A smoking ceremony is an ancient aboriginal custom in Australia
that involves burning various native plants to produce smoke, which
has cleansing properties and the ability to ward off bad spirits from the
people and the land and make a pathway for a brighter future.
our NAIDOC theme assembly on Tuesday 30 July, students from each PCG walked
through the smoking ceremony prior to entering the Patricia Rodrigues Centre
for a very touching and enlightening presentation.
of Indigenous students at La Salle College carrying the Australian,
Aboriginal and Torres Strait Islander flags commenced the NAIDOC celebration.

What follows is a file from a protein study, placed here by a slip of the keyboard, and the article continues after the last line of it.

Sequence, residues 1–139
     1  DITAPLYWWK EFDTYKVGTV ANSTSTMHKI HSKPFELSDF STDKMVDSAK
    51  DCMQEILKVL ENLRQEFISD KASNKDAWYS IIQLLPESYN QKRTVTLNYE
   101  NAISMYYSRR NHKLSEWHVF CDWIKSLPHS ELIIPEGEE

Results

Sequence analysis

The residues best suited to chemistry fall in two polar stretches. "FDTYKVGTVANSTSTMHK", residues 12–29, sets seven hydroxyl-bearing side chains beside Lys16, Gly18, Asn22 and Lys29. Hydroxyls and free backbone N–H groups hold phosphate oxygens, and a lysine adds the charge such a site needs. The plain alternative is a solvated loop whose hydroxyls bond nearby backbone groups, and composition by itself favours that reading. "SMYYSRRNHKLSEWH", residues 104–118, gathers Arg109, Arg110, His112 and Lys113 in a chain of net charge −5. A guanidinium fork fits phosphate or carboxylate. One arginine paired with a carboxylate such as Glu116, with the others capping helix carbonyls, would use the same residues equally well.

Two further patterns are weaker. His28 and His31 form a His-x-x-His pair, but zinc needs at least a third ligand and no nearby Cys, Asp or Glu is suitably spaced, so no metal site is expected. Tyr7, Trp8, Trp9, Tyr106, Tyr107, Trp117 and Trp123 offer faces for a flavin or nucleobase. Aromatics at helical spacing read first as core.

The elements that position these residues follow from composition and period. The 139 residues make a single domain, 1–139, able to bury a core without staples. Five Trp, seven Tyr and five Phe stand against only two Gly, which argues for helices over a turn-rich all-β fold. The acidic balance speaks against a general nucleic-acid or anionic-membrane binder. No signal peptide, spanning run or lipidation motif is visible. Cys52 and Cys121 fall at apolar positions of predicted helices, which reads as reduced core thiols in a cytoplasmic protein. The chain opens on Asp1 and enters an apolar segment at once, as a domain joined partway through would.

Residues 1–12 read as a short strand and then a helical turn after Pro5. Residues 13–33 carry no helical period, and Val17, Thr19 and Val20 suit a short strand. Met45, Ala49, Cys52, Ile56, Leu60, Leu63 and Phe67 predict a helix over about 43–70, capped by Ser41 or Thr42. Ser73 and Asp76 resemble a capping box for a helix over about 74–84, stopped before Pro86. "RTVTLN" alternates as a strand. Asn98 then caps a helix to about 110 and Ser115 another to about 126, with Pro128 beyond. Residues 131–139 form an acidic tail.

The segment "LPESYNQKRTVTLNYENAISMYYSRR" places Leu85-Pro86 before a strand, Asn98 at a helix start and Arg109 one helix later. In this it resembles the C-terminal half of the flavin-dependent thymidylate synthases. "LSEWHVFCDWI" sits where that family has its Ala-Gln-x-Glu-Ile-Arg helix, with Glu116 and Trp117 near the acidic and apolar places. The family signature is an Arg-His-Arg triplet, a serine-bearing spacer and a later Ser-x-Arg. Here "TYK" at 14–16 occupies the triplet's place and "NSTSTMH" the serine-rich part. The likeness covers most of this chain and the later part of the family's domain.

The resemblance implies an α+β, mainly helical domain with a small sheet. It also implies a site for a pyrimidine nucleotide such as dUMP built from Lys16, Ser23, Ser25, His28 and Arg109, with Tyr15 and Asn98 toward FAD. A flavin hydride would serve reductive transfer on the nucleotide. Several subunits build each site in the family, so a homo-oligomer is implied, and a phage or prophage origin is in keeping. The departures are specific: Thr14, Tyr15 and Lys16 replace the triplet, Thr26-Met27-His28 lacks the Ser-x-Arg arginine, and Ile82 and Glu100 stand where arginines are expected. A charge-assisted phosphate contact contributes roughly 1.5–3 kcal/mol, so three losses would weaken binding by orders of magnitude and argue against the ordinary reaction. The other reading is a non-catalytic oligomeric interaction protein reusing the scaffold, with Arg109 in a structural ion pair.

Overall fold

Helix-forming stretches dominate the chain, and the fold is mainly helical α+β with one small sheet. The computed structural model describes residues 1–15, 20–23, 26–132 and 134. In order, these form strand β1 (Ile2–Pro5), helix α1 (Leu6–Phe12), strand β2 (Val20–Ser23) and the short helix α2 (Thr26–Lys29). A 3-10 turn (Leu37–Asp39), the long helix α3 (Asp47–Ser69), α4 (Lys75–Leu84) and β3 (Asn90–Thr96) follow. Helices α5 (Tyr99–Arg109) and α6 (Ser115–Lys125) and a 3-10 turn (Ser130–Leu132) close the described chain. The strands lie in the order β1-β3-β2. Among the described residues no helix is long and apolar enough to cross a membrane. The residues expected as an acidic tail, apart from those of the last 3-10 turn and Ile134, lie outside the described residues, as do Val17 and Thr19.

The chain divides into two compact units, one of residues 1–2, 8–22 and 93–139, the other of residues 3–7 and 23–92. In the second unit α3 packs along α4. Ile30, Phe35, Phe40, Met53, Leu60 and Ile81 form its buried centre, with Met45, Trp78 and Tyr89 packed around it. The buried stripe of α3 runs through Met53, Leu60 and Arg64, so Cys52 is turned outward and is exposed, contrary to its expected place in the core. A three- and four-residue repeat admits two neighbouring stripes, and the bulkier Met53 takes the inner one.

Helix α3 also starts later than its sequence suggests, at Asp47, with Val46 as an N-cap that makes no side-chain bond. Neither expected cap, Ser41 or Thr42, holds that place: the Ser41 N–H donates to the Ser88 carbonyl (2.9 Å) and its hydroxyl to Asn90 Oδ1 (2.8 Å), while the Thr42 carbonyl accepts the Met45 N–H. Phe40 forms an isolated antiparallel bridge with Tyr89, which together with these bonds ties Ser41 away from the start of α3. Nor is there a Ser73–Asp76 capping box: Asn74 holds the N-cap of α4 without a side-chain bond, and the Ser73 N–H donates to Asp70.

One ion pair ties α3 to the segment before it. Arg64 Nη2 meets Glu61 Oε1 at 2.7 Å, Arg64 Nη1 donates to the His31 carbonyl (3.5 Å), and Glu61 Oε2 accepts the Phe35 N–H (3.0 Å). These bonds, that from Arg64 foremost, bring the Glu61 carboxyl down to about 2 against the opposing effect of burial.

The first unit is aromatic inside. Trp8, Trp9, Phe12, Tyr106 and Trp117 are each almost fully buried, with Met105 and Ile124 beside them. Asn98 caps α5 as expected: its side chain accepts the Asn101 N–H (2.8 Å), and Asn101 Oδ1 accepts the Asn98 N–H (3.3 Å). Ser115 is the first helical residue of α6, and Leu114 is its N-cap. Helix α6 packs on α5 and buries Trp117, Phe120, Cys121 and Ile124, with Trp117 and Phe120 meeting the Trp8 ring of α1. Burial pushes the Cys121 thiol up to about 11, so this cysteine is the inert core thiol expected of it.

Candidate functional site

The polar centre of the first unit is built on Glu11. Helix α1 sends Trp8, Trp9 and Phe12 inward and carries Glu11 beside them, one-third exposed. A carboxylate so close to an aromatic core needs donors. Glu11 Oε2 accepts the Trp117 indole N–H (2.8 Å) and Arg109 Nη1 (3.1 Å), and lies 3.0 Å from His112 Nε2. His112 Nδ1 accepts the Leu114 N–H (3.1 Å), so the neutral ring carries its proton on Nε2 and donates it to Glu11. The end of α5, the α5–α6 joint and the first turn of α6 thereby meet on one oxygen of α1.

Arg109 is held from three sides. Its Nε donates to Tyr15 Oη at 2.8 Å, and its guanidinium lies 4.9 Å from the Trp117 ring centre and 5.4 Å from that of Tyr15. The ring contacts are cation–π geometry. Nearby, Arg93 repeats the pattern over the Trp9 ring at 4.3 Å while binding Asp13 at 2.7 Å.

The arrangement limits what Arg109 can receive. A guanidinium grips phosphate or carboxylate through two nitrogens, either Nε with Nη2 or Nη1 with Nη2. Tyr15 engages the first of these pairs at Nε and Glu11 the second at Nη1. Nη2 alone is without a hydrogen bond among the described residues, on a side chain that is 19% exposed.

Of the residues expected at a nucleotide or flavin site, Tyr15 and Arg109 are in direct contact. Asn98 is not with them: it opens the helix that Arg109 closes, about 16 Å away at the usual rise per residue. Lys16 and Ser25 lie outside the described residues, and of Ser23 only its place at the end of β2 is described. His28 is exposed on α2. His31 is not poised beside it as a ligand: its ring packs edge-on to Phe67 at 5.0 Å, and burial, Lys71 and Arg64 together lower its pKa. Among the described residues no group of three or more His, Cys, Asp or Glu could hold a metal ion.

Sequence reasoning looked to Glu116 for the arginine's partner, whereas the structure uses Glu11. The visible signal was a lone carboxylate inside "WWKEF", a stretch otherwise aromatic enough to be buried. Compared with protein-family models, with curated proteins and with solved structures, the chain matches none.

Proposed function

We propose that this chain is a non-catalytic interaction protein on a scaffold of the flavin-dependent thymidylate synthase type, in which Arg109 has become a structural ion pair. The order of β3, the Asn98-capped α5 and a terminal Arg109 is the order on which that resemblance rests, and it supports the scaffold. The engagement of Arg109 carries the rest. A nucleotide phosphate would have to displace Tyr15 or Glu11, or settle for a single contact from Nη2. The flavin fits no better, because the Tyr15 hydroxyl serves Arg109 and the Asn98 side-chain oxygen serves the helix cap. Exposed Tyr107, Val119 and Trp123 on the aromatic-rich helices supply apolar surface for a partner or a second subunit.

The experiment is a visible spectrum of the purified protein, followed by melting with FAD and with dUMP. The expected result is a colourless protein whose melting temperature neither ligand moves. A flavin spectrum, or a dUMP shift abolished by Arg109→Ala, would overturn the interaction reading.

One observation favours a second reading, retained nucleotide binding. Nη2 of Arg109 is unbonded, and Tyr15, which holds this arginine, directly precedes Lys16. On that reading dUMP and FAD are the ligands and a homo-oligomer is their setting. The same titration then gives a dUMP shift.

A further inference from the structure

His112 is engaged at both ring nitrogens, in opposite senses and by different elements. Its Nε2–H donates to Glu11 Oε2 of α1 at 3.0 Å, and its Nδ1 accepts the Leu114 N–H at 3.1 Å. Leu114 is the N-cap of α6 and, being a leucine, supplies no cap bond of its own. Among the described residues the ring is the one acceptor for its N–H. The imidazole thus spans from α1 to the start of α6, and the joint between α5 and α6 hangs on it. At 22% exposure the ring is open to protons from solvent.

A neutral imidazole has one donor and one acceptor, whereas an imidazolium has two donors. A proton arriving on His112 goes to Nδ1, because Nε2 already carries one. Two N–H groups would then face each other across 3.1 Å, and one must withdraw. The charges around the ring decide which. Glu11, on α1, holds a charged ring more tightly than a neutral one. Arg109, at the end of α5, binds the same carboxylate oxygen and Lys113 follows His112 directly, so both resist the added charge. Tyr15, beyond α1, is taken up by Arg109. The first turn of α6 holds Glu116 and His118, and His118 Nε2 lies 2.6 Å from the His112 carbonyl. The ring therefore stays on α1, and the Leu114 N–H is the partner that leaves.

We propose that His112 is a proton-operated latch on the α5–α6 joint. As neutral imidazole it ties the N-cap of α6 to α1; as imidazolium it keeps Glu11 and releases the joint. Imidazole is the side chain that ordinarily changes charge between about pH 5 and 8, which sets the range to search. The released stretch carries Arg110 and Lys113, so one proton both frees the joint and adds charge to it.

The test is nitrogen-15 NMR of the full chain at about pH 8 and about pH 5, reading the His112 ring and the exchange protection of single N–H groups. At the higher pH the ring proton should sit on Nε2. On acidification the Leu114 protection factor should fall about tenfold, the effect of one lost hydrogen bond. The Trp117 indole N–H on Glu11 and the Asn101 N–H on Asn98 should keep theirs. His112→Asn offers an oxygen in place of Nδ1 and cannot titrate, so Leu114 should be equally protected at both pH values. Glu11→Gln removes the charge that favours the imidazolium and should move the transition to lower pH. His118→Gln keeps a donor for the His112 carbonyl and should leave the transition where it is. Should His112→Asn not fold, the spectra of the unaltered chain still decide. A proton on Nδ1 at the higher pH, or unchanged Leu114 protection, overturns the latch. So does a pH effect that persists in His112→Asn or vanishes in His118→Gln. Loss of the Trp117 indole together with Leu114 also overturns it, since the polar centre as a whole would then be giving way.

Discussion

guests included, George Hayden, Ms Gordon, Jeffery Farrell and Jarrad Hall.
Treaty, Truth. Let’s work together for a shared future, is this year’s theme
for NAIDOC Week. This theme is not only extremely complex, but it is emotional” said Ms Kym Oakley
explained each part of Voice, Treaty, Truth and students gained an understanding
of the issues affecting Indigenous people. “If you want to know more about the theme I
will encourage you to come to the Aboriginal Education Centre and have a yarn
with me over a cup of Milo. To begin to understand, you must be willing to ask
the hard questions. Our people know those conversations are best had with us
and at the same table.” Ms Oakley